Christopher Allen: Father-Son Activity (short fiction)
My Southern Legitimacy Statement: I was raised “in town,” which means Nashville, but my mother’s family comes from Bell Buckle, which is near Hatchet Holler where my mother was born (she says “borned”) in a shack that has probably succumbed to gravity by now. I can fry okra, like salt on my watermelon, and I know what to yell to get the cows back to the barn.
Frank kills the headlights, rolls to a stop between the three-story plywood skeleton and a dumpster full of scrap wood. He eases out of the car, pans the lot to make sure he’s alone and pops the trunk. Priest Lake Park. Lake-front Luxury! Even unfinished, this place is so much grander than his own subdivision, Edge-O-Lake, which people now call Edge-O-Strip-Mall. The funk of fried fish from the new Captain D’s hangs thick in the air by noon; the entrance sign’s O is peeling like it’s sunburt.
He starts loading the trunk. He could have a house on this bend or terrace if he sold more cars, if people started getting their jobs back, if Jimmy Carter weren’t President. He pulls long breaths through his nose like the Army psychologist taught him, focuses on his immediate short-term goal: the dumpster, the scrap wood for the hutch, his father-son activity with Rod, still asleep in a pool of piss. It would have taken too long to get him up and ready. Thirteen, still wetting the bed. A sleepwalker too. Frank and Cheryl keep a croquet set in front of Rod’s bedroom door so they’ll know when he’s out. Cheryl says Rod has problems, but what problems could a kid have who’s never gone hungry? Who’s never watched a man die? The father-son activity – raising rabbits – was Cheryl’s idea.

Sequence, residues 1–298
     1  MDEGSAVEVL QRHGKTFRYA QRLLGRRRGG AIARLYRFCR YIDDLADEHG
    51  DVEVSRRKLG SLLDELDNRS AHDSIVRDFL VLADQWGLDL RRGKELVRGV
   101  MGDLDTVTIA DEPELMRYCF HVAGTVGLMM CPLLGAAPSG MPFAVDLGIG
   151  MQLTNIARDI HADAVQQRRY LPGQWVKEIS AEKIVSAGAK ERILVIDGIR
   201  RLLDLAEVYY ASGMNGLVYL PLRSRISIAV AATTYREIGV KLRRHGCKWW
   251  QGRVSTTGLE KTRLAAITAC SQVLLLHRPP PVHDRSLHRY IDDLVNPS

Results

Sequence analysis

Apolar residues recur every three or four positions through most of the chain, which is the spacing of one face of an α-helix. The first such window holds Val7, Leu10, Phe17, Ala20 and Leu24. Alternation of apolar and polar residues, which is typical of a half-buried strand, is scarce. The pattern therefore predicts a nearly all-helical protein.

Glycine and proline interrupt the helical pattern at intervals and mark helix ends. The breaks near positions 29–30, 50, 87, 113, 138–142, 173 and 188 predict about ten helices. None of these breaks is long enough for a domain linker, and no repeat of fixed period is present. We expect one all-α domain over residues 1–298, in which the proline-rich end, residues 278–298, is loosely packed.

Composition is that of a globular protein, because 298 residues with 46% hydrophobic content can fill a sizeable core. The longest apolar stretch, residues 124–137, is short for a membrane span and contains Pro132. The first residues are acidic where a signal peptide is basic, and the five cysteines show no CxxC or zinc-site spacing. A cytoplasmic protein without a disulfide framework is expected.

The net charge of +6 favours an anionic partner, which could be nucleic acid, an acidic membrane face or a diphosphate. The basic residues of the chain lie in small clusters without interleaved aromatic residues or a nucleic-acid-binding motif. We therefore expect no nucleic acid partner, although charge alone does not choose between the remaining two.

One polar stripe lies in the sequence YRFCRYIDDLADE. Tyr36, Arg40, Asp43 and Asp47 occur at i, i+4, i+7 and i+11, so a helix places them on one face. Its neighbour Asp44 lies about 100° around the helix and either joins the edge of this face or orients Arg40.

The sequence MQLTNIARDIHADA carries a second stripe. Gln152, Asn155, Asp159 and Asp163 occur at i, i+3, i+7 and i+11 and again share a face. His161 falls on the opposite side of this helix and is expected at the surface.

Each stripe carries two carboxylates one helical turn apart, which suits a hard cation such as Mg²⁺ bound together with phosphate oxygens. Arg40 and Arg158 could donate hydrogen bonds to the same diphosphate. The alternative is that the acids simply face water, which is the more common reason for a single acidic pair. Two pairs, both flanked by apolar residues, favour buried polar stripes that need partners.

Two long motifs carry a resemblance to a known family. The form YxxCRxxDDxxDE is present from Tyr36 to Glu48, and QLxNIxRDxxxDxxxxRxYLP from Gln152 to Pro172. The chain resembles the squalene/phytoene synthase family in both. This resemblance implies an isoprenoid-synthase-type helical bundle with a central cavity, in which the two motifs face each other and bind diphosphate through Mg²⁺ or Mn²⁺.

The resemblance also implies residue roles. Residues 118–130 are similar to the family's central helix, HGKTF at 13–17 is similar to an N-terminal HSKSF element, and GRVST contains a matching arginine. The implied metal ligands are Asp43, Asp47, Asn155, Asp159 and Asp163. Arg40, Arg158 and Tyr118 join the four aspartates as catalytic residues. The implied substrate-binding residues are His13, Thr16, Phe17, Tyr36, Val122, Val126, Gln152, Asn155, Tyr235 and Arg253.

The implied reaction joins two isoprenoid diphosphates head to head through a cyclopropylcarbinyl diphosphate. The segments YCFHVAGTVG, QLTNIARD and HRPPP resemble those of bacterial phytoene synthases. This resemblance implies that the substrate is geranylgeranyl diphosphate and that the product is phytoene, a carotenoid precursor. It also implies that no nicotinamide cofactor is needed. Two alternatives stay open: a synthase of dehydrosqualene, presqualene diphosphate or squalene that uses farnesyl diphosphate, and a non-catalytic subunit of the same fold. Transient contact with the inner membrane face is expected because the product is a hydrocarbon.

When Frank was thirteen, Mr. Fox caught him stealing a chicken. Frank’s mother was feeding three kids poke salad and stale hand-out bread from the church; his father hadn’t come home in weeks. So it’s Mr. Fox’s voice Frank hears when an over-punctual construction worker comes barreling across the muddy lot, tools clanking in the loops of his overalls.
“Morning!” Frank waves and smiles because you never know who might need a gently used car.
“This is private property! Can’t you read?”
Frank looks down at the trunk not quite full of scrap. He goes to close it, but a hand’s already in the way.
“Well I’ll be! We pay good money for this wood, and your kind just come and help yourself.”
Frank takes out his wallet. “Ten dollars.” He’d have paid less at the hardware store, but he holds out the ten anyway.
“Twenty,” the man says.
“It’s not worth twenty.”
Frank hands over another ten, and the man walks away, laughing.
“To slaughter a rabbit,” Frank says at the breakfast table, “first you grab it by its hind legs and give it a nice lick on the head with a sturdy board.”
“For Pete’s sake, Frank,” says Cheryl. “Eat your Cheerios.”
“It’s over quick except for the bleeding. Out the nose. Gotta watch your shoes.”
Rod’s eyes grow wide as saucers like he’s never had to kill, which he hasn’t.
“Skinning’s easy, just whips right off. You have to soak the meat in brine to get the gamey taste out.”
Rod asks to be excused.
“You’ll eat your Cheerios.” Frank grabs him by the arm and slides the cereal in front of him. The box says Toasted Oat Rings.
Rod asks why Brandon doesn’t have to come to breakfast. Van Halen’s guitars purr through the walls like white noise.
Frank looks to Cheryl for an anwer, which is they’ve given up trying, their life is easier if he just stays there, they’re tired of every breakfast and dinner being a fight. He’s 16. They haven’t seen him in weeks.